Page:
Q-School second stage puts real pressure on players

By Rex HoggardNovember 14, 2012, 9:43 pm

BROOKSVILLE, Fla. – There will be no shortage of hard-luck, tear-jerk, bottomed-out, end-of-the-line tales of woe at the PGA Tour’s final Q-School in two weeks; but if the end of an institution will also be the end of the line for some, the mathematical reality of the circuit’s layered qualifying process is that this week’s second stage is a much more concerning cliff, both fiscal and otherwise, for many a play-for-play type.

“Second stage is always harder to get through,” said Patrick Sheehan following a first-round 70 at the second stage site Southern Hills Plantation. “It is always the most pressure. If you miss here you’re going to the Hooters (Tour) or wherever. But if you get through here you have a card on one of the major tours, and that’s where you want to be.”

Those who advance out this week’s six second stage sites to the finale later this month in the California desert, do so secure in the knowledge that they have a job next year, whether it is playing for millions on the PGA Tour or thousands on the Web.com Tour.

The 500 or so players who set out this week in second stage largely have no such assurances. In simplest terms an exemption system that is riddled with loopholes is mercilessly simplified by the Draconian reality of second stage.

Consider Frank Lickliter, the 2007 Q-School medalist and two-time Tour winner, who played just nine events in the Big Leagues in 2012 and finished 201st on the money list. Unless Lickliter advances to final stage, an option that took a body blow when he opened with a 71 on Wednesday, he will have limited status in 2013 on either the PGA or Web.com tours.

It’s why Billy Hurley III spent the weekend gazing at a computer screen after missing the cut at the Tour’s season finale at Walt Disney World. The former Navy officer began the week at Disney 146th on the money list, missed the cut with rounds of 74-76 and finished the season 151st in earnings, $165 outside the top 150 which would have exempted him into the final stage of Q-School and given him partial Tour status in 2013.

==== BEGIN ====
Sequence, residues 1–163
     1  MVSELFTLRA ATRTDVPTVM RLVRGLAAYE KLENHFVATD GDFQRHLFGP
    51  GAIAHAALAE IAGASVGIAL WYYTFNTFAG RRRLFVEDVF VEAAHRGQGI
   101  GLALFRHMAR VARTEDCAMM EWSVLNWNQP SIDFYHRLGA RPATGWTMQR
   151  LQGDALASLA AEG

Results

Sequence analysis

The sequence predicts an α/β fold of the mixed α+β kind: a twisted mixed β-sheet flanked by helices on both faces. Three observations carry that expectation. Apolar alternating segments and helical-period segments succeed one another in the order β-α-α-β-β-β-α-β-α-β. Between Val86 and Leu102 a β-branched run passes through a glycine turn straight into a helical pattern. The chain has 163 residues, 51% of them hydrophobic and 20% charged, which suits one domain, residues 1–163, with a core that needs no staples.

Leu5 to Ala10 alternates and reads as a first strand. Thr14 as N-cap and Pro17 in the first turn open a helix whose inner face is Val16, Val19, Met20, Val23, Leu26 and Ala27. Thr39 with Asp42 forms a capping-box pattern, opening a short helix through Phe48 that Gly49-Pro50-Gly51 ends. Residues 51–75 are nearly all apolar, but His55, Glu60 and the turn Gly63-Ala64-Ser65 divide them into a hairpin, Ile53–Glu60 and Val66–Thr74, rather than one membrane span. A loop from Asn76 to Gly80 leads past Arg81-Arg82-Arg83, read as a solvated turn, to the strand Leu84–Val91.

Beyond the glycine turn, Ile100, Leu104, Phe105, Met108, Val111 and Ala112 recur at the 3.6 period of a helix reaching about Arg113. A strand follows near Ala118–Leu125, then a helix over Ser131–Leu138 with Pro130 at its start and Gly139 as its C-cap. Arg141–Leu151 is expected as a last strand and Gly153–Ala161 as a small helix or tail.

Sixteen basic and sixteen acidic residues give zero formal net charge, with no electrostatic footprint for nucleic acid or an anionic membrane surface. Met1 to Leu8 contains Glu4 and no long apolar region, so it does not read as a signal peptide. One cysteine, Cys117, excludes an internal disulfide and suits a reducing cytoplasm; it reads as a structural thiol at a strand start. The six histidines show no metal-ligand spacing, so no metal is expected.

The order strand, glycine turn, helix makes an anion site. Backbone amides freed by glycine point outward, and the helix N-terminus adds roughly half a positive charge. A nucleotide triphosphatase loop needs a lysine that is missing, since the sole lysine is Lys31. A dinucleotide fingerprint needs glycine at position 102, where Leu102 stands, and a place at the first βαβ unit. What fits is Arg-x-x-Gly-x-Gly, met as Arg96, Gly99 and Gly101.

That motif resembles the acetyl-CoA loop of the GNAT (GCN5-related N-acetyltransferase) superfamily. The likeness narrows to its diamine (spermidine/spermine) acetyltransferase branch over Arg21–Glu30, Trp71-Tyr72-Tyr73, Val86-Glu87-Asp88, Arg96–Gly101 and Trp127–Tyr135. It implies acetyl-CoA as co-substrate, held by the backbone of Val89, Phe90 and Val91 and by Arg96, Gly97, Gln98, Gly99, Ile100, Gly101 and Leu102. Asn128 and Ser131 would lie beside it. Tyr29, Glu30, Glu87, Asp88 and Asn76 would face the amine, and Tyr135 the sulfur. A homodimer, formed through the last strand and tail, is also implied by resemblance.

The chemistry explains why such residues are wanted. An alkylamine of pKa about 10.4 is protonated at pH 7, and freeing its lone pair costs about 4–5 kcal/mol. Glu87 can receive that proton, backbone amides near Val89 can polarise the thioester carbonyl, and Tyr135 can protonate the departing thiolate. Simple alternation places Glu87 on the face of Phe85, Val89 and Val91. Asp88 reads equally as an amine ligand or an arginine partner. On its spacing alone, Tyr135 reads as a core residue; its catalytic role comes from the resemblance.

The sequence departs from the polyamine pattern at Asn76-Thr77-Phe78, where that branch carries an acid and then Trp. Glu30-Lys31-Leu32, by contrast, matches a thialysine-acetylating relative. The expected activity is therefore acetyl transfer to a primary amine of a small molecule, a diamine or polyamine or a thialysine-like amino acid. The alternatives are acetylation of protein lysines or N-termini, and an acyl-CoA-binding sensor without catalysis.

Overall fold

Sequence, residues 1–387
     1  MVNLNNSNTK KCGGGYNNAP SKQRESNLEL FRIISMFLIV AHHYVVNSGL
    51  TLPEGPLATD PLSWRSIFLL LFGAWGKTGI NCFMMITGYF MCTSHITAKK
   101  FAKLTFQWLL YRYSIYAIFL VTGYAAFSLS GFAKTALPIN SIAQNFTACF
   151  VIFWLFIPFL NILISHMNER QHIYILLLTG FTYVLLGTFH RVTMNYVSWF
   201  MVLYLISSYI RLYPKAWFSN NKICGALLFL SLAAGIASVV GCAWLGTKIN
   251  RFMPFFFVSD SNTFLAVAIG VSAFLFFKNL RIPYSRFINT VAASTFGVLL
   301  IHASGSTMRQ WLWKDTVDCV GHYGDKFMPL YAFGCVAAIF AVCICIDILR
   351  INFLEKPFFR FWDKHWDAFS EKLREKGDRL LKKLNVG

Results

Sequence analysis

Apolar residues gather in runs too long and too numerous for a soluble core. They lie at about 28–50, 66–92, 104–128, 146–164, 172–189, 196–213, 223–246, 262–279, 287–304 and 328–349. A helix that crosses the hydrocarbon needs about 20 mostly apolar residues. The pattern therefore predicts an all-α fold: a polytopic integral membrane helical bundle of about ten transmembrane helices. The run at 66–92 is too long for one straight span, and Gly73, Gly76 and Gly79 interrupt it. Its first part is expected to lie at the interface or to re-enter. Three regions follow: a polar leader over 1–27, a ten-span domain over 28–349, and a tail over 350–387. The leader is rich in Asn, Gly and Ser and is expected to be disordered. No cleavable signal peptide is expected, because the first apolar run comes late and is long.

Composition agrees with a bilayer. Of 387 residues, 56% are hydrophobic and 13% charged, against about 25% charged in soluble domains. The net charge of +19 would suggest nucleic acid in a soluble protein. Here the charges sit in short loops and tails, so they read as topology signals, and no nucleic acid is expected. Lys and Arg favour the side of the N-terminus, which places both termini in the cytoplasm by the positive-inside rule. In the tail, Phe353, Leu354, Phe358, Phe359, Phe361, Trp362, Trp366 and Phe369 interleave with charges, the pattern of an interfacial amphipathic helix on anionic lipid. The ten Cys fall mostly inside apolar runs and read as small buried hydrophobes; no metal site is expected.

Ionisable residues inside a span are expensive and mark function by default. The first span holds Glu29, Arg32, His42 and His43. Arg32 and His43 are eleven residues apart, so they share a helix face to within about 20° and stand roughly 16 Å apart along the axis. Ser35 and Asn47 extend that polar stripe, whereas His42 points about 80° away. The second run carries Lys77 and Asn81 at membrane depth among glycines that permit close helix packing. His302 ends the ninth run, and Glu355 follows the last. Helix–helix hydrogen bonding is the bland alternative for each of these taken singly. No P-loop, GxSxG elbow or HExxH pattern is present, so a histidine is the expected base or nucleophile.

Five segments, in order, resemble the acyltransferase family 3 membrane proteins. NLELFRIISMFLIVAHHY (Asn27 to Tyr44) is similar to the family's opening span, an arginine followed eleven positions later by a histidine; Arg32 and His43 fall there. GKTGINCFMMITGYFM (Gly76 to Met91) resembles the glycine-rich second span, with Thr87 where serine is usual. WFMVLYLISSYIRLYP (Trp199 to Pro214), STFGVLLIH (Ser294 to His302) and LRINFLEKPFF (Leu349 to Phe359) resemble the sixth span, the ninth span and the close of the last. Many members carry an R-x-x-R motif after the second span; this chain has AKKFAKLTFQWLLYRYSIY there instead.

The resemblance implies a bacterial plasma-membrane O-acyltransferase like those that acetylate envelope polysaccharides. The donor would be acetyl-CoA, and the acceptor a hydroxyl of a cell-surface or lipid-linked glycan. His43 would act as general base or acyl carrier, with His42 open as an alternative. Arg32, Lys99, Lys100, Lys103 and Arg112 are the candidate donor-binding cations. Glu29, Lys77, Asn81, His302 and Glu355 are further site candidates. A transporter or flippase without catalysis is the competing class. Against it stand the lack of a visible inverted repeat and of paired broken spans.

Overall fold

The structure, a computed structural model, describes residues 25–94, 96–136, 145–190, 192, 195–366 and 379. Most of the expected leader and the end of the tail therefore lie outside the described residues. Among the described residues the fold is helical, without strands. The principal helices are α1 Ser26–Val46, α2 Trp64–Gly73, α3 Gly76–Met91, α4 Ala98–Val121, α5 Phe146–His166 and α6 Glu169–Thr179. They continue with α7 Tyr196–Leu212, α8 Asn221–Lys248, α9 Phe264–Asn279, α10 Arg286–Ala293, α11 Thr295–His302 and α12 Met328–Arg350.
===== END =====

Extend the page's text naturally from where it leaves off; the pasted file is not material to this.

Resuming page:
“I was surprised I dropped out (of the top 150),” said Hurley, who opened with a 67 at Southern Hills Plantation and is two strokes behind front-runner Brian Duncan. “On Friday I was 152nd, but I figured some guys would cool off. On Saturday I was 149th for most of the day and waking up Sunday morning I thought I would be at 150.”

Instead, Hurley found himself on the wrong end of a $165 pencil whipping. For the price of a bad driver, or a good round of golf, Hurley is playing with precious little by way of a safety net this week in west Florida.

Although his finish on the Tour money list would give him some status in 2013 on the Web.com Tour enduring another sleepless second stage wasn’t the ending he envisioned to his rookie campaign.

“It’s a big deal to get through second stage,” Hurley said. “I did it in 2010 and it’s huge. You feel like you have something.”

How big? Just ask Letzig who ran himself into the ground trying to make sure he had something, anything really, to cling to next season.

Following a lackluster few years Letzig began 2012 re-energized thanks to his work with a sports psychologist and a better attitude, but that didn’t translate into better play.

After missing more weekends than he made through the first six months of the year on the Web.com Tour, Letzig found himself perched at “fifty-something” on the secondary circuit’s money list. If he finished outside the top 60 he would have no status, anywhere, in 2013.

“I was just battling to stay inside the top 60 and I was just a zombie,” said Letzig, who played seven consecutive weeks to close the season. “I really don’t remember the year. I hate to complain when you play golf for a living, but it was too much golf.”

Letzig finished the year 58th in Web.com earnings and stormed out to the clubhouse lead early Wednesday at Southern Hills Plantation thanks, at least in part, to the occupational solace his season-ending money marathon delivered.

“It’s different this year not playing for a job. Second stage is so hard to get through. There is a lot of pressure if you come here without a job,” Letzig said following his round at Southern Hills Plantation, an idyllic Pete Dye design located roughly halfway between lost and the middle of nowhere.

The rolling layout is so remote one feels like they must have taken a wrong turn on the journey out, much like many of the careers that were on display on Wednesday. It was impossible, for example, to ignore the dichotomy of Daniel Chopra’s spotless Lamborghini in the players’ parking lot on Wednesday.

During a brief two-month span in 2007-08 Chopra was arguably the hottest player on the planet, winning the ’07 Ginn sur Mer Classic in October and following that triumph eight weeks later with his second Tour tilt at the season-opener in Kapalua.

Since then, however, Chopra hasn’t finished in the top 3 at a Tour event and he missed 15 of 21 cuts in 2012 to finish 188th in earnings. It’s a similar story for Robert Karlsson, Lee Janzen and Arjun Atwal, who all are playing for a job this week at an event that defies conventional wisdom.